The range-topping 435i’s 3.0-litre six-cylinder turbocharged mill is the go-fast option. With 225kW at 5800-6400rpm and 400Nm from 1200-5000rpm it’s a lively thing, offering rapid acceleration: its claimed 0-100km/h time is 5.5sec, while fuel use is 7.7L/100km (we saw 9.1L/100km on our test).
This engine is strong in every application – it offers excellent low-rev pulling power and a charming exhaust note as you lift off the accelerator – though it could be a little louder. It also proves a good tool for tootling around the suburbs, too.
All cars tested were fitted with an eight-speed automatic transmission with steering wheel paddleshifters. In each car and in all instances the gearbox worked smoothly and cleverly, with precise shifts and no hesitation under pressure. The ‘box will, however, overrule the driver unless the car is in Sport+ mode – Sport mode will still change up a gear even when manual shifting is selected.
When it comes to the drive experience of each car, all offered suspension that proved comfortable and well sorted, dealing with bumpy country roads and pockmarked city streets admirably. This was the case in the 420d, which was the only car available that was not fitted with adaptive suspension, and the 428i and 435i which both come with the adjustable damper system as standard.
All felt taut with the roof up or down, too, with BMW making a big deal of the fact the new model is 40 per cent stiffer than the 3 Series Convertible thanks to cross-bracing under the body and a new inverted U-shaped rollover bar behind the rear seats. There was little in the way of scuttle shake, and only a slight hint of wobble through the steering wheel in some situations. The noise insulation is brilliant with the roof up, while with it down the cabin never felt uncomfortably blustery.
However, there’s a problem with the 4 Series Convertible that could rule it out for some sporty convertible aficionados – it’s heavy. Very heavy.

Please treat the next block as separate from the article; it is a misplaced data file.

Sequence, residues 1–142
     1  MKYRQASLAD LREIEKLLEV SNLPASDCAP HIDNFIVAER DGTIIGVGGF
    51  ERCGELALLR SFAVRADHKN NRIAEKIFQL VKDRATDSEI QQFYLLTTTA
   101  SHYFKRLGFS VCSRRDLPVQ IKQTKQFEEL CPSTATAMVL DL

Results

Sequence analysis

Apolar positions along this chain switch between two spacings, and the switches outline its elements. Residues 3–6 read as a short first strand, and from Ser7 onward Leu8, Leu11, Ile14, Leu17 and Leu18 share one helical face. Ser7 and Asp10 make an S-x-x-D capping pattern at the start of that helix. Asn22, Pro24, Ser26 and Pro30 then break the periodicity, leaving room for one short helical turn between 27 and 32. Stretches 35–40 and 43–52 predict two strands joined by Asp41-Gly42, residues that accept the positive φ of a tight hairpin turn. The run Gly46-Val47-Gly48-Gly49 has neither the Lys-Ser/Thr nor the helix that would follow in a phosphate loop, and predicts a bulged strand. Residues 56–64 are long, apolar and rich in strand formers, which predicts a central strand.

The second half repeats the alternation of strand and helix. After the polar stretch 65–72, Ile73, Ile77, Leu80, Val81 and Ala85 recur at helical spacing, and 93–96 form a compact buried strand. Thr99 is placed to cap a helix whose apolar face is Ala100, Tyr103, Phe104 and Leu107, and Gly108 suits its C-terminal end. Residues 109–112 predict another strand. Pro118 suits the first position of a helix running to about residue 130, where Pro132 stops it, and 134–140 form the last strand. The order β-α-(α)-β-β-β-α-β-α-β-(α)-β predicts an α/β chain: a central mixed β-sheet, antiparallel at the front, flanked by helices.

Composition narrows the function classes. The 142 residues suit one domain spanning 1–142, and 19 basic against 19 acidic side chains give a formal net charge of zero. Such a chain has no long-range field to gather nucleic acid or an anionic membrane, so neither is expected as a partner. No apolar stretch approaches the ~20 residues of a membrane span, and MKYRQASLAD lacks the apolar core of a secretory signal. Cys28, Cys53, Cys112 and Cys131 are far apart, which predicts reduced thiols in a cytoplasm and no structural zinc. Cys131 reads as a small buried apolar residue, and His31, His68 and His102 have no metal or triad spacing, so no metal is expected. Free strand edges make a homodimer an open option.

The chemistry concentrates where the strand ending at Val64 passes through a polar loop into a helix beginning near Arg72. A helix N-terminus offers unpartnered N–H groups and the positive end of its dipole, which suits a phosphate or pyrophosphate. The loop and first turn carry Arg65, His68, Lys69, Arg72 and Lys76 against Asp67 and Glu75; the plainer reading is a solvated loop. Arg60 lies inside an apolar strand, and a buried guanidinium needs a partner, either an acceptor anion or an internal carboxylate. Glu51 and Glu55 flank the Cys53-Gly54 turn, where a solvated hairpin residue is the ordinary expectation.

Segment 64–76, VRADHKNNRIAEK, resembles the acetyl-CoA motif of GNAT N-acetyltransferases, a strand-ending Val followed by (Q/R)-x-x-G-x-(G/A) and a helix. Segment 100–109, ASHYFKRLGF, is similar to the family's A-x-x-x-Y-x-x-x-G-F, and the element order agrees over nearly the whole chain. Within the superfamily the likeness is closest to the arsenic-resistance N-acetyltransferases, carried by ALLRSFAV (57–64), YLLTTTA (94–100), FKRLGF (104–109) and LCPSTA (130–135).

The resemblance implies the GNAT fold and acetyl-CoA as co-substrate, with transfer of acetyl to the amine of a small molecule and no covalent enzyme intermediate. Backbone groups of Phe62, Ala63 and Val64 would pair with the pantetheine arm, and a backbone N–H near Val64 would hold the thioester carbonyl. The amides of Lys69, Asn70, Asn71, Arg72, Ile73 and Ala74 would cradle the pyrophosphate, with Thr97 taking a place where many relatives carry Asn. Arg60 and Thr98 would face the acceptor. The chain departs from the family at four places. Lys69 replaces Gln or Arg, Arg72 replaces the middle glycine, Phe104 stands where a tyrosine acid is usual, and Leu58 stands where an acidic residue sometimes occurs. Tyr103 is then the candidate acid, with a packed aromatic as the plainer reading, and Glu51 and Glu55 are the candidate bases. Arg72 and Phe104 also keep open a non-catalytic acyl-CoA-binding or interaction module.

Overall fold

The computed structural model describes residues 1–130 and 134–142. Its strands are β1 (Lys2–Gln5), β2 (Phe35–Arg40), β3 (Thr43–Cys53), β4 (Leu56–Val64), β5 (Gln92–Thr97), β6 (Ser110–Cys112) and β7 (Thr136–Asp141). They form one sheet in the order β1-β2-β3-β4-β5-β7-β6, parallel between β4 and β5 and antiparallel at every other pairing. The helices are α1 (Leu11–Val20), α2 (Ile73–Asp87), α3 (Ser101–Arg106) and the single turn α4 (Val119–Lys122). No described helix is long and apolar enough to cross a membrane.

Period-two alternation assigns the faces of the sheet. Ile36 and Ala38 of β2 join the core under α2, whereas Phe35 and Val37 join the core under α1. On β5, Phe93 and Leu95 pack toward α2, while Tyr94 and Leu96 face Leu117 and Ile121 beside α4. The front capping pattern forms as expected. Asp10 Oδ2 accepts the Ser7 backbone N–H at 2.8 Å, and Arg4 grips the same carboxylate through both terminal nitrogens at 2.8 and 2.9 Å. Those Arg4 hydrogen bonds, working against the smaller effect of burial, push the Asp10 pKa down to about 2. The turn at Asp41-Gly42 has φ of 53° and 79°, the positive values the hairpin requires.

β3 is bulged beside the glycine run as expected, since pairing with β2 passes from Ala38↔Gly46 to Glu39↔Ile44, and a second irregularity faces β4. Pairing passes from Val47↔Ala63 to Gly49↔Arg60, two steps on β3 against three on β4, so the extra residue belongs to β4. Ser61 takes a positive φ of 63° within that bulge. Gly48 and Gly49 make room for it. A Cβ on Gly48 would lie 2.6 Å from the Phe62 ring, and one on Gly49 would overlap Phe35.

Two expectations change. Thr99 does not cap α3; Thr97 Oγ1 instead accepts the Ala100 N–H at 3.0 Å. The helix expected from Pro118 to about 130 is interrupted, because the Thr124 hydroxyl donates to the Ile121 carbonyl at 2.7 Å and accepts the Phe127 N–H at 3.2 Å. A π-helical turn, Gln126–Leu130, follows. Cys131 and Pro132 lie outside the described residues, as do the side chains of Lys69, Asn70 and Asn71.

The folding metal roof and all of the intricate mechanical equipment that helps it go up and down in 20 seconds (up to 18km/h) adds a whopping 225 kilograms over the equivalent Coupe variants. That means the range-topping 435i weighs a bloated 1700kg, while the two more affordable models weigh 1640kg.
That extra weight is clearly noticeable in the 435i when you push it. Through a tight, twisting section of road we found it straining against driver commands, pushing straight on at speed while its tyres squealed at minimal provocation as the car’s weight shifted from side to side.
The 420d and 428i proved more nimble, and their 60kg lighter kerb weight is clearly noticeable through corners. Still, none felt agile or exceptionally light-footed through the bends unlike the loveable and chuckable 428i coup. And while that may be fine for the majority of buyers who are after a four-seat convertible more as a cruiser than a racer, we were left wishing that BMW had opted for a lighter fabric roof (for those who are curious, the move to go with a hard-top was driven by the US, where BMW will sell the bulk of its 4 Series Convertible models).
It gains points back for its interior, which is comfortable enough to fit four adults and finished to a high standard, as BMW buyers would expect. It would prove a great weekend getaway car provided you’re happy to pack light or keep the roof up – the boot is just 220 litres with the roof down, or 380L with it up.
Fat jokes aside, the 4 Series Convertible is still an impressive piece of machinery - well equipped, reasonably priced and comfortable with the roof up or down. And, just like in the coupe, the 428i was the model we'd choose.